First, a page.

Many other states utilize on-farm demonstrations to encourage adoption of agricultural research that has been developed elsewhere or as a learning tool. However, they do not typically encourage or reward county staff for conducting original research or performing research at the expense of the more traditional Extension methodologies of group contacts, production meetings and mass communication. It should be clear that California advisors utilize these other techniques, as well, but often as supplementary delivery methods for distributing the results of their own individual applied research programs.

Generalizations on the Australian Extension Programs

The priorities and objectives of the various Australian Extension and research providers are well described in publications prepared by the respective organizations, and will not be individually reported here (Department of Agriculture, New South Wales, 1987; Department of Primary Industry and Fisheries-Tasmania, 1994; Northern Territory Government, 1994; Office of the Minister of Primary Industry-Western Australia, 1995; Primary Industries, South Australia, 1995; Queensland Department of Primary Industries, 1990; South Australia Research and Development Institute, 1995; Watson, et al, 1992). Rather, the discussion will focus on twelve factors that appear to be common and recurring themes.

1. Programs are conducted by the state departments of agriculture and include regulatory and other ancillary responsibilities. Extension is only one element of the department and is not linked to educational institutions. One result of this structure is the potential for politicians to use Extension programs as pawns for their own personal agendas. Politicians appear to routinely utilize Extension to garner visibility on an issue that they want to promote, at the expense of other activities perceived as higher priority by field staff. A related issue is that Extension organizational priorities or programs may change, depending on which political party is in power at the moment. That makes medium - and long-term priority-setting - difficult, at best. Additionally, there are barriers to gaining the trust and respect of clientele when an Extension field officer is functioning as both educator and regulatory agent. The two duties are often incompatible.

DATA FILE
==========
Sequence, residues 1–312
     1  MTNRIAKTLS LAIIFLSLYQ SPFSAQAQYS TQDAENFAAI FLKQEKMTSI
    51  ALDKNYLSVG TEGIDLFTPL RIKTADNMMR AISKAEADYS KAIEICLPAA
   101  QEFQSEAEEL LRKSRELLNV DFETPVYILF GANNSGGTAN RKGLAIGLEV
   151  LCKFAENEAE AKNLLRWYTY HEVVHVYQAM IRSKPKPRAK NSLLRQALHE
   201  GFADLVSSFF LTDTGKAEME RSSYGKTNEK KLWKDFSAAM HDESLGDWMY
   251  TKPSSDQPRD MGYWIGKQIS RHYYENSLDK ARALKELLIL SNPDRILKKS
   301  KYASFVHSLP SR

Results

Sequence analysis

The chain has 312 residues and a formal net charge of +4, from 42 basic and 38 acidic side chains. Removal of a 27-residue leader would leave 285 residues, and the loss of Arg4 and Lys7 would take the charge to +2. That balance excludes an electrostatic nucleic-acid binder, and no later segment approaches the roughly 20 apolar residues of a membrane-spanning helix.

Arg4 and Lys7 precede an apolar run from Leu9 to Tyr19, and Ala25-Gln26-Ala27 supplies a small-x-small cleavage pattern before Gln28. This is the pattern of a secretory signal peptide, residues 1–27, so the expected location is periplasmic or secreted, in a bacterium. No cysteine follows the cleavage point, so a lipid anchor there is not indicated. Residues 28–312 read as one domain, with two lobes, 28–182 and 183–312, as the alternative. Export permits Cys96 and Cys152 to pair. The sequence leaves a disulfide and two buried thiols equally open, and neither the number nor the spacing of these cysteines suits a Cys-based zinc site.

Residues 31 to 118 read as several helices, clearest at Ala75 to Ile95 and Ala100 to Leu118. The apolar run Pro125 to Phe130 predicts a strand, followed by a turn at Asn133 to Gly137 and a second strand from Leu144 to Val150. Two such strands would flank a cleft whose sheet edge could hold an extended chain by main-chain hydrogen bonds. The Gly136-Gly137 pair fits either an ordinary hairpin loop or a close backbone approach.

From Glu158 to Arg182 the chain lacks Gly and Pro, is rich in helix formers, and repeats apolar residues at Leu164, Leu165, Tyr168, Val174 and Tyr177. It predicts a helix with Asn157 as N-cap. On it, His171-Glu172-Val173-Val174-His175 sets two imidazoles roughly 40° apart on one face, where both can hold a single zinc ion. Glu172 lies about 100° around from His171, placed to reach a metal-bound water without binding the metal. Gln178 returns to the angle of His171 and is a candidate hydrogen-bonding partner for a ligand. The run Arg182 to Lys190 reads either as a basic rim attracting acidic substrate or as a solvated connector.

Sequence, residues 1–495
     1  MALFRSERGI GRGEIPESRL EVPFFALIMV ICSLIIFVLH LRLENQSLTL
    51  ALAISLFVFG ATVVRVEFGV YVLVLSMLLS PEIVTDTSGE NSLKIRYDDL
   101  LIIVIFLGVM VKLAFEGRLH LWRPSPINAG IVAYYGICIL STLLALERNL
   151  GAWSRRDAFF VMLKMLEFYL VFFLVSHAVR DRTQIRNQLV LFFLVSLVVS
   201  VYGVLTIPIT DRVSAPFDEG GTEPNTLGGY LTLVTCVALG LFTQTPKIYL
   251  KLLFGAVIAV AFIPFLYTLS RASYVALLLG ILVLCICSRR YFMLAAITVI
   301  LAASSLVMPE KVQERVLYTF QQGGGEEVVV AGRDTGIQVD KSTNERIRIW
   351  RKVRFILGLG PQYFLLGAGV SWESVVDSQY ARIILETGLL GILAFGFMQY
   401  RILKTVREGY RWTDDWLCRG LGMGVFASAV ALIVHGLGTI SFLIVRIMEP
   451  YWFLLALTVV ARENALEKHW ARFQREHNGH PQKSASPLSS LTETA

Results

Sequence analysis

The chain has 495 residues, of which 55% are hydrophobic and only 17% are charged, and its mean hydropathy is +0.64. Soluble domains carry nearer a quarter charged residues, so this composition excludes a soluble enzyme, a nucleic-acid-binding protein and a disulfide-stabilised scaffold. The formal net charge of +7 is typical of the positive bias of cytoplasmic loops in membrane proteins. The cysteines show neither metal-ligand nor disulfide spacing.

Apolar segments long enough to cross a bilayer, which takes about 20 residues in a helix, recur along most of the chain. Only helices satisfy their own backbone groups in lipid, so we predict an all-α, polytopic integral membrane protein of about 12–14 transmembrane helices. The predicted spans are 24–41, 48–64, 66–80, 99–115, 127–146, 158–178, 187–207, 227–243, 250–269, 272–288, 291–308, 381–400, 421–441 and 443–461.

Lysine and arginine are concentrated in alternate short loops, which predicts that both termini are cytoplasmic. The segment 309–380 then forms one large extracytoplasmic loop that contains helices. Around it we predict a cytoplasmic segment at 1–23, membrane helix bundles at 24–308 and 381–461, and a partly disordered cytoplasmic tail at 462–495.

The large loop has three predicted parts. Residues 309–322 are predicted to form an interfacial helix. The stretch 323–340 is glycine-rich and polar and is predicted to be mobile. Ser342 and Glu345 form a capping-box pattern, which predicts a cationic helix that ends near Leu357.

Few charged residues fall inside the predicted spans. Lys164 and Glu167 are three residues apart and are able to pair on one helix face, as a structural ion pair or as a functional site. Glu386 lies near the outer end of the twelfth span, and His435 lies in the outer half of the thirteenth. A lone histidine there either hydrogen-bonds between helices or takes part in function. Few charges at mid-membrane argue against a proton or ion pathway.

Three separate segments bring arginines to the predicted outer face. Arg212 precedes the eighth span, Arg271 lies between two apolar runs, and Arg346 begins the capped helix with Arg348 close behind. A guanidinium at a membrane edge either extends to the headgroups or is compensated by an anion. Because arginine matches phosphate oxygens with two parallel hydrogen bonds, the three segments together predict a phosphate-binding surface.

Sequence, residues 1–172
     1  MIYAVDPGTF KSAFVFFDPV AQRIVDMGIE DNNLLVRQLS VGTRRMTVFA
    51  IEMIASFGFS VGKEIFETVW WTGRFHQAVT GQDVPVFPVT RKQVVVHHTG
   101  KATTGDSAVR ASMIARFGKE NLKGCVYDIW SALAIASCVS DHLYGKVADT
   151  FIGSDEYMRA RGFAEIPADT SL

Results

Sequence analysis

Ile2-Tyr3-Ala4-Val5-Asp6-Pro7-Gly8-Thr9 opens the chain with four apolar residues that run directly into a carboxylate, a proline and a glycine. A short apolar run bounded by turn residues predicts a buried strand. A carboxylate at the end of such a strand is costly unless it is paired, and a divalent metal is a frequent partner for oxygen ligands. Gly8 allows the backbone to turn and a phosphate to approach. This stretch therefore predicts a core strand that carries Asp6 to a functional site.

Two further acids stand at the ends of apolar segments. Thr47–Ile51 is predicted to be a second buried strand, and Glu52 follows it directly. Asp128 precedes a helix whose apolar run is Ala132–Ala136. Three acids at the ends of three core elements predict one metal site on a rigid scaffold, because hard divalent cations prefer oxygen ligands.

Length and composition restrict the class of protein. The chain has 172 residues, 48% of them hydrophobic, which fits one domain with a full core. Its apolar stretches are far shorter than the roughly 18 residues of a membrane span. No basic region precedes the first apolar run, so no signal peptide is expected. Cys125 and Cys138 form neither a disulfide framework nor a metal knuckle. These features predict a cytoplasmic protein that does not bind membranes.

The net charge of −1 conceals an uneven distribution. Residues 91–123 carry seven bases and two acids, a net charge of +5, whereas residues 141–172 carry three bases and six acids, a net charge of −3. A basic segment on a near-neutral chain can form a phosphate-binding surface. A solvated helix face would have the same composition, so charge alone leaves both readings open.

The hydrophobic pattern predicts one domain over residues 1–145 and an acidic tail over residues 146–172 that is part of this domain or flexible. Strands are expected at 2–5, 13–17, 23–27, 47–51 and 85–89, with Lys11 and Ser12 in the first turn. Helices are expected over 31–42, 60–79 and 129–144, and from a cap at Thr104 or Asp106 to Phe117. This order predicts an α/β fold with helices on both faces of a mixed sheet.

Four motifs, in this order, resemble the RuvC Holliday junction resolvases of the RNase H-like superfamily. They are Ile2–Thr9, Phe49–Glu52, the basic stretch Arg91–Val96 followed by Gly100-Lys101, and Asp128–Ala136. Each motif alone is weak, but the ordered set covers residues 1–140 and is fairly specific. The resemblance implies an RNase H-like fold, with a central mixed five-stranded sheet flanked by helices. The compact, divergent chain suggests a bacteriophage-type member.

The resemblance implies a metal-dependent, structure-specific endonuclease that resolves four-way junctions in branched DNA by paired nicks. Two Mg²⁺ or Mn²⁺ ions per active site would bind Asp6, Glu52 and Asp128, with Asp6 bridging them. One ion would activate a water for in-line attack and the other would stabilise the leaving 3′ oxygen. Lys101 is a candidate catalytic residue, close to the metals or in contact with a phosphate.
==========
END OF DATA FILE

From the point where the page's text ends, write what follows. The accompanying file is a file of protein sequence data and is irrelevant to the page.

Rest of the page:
2. A reduction in publicly-supported resources, with commensurate increases in external funding. While this is not a problem unique to Australia, it seems to be more pronounced. In some cases (for instance, Tasmania), decreases in funding have resulted in staff reductions below a "critical mass" and the Extension programs are largely non-functional. This has led to attempts to augment the funding through cost-recovery, fee-for-service, and other ways, which will be discussed in more detail later. External funding sources usually require that they also participate in establishing priorities or activities. Their priorities may be inconsistent with the larger objectives of the Extension organization.